Natural Power has helped secure consent for three applications that were approved unanimously by the councillors at Dumfries and Galloway Council’s August Planning Committee.
The applications include the new nine-turbine Little Hartfell Wind Farm near Lockerbie; turbine tip height extension at Twentyshilling Hill Wind Farm near Sanquhar; and an alternative access track to the wind farm complex at Brockloch Rig at Carsphairn.
Euan Hutchison, Associate Technical Director of the Planning team at Natural Power which was commended at the Royal Town Planning Institute’s Awards for Planning Excellence this year, said: “We are delighted with the decision to consent these Dumfries and Galloway projects. Our strong local knowledge, and ability to demonstrate the positive impact the development of these projects will bring to the local economy is critical to ensuring the long-term future of affordable low carbon energy in the Dumfries and Galloway region.”
Little Hartfell Wind Farm:
Consent was awarded for Little Hartfell Wind Farm which will consist of nine wind turbines and associated infrastructure. Natural Power provided EIA coordination and hydrology services to Energiekontor UK Ltd. Little Hartfell is located 10 km to the north-east of Lockerbie, 3 km to the south of Corrie Common and 13.5 km to the north-west of Langholm in Dumfries and Galloway.
Twentyshilling Hill Wind Farm:
Consent was awarded for a section 42 application for a turbine tip height extension from 125 metres to tip to 140 metres to tip for the nine-turbine Twentyshilling Hill Wind Farm. Natural Power provided planning, EIA coordination and ornithology services to Element Power. The wind farm is located in the Upper Nithsdale, approximately 4.8 km to the south of Sanquhar and 11 km to the north-north-west of Thornhill, Dumfries and Galloway. Once work is complete the 34 MW wind farm is expected to generate enough renewable electricity for the equivalent of approximately 14,300 local homes.
Brockloch Rig Wind Farm Complex:
Consent was for an alternative access track to the wind farm complex. The approved development allows for 3.2 km of new track, a new bridge across the Water of Deugh and upgrading of 7.8 km of forestry track. The track is to provide alternative access to the wind farm for employees and contractors who manage the operational site. The application was on behalf of Fred. Olsen Renewables Limited. Natural Power acted as the agent for the application, providing planning, design, hydrology, and ecology for the development. The start of the track is located 2 km north of Carsphairn, Dumfries and Galloway.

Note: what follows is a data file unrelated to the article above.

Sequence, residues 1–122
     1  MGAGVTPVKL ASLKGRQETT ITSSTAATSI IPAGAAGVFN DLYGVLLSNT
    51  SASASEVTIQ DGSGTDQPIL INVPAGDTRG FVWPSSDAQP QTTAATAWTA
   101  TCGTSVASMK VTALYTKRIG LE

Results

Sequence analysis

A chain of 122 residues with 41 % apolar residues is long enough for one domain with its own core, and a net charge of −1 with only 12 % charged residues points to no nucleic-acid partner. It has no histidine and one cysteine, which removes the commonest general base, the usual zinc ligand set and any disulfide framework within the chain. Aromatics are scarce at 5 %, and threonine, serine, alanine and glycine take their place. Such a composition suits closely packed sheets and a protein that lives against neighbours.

Brockloch Rig Wind Farm’s most recent annual community benefit fund payments to Carsphairn Renewable Energy Fund Ltd (CERFL) amounted to just over £124,000. CERFL’s Directors are all local people who consider applications to the fund which seek to deliver projects which benefit local residents and the Carsphairn community. For example, amongst a range of initiatives, community benefit funding has been used to secure the community shop in Carsphairn.
An annual survey by the 0ffice of National Statistics found that there were 5,800 full-time equivalent employees in onshore renewable energy in Scotland 2017. Euan Hutchison added: “We are pleased that these projects contribute to this vital industry for Scotland. With more than 80 employees based in Dumfries and Galloway, Natural Power is passionately invested in the local renewable energy economy.”
As one of the original, and leading, renewable energy development consultancies, Natural Power has more than 100 years combined experience in delivering consented/permitted projects for clients. With an on-going success rate, across more than 3.5 GW of installed client capacity, this strong track record is a testament to a thorough and considered approach to site development. Find out more about planning and permitting services, please visit https://www.naturalpower.com/our-services/planning-permitting/back to news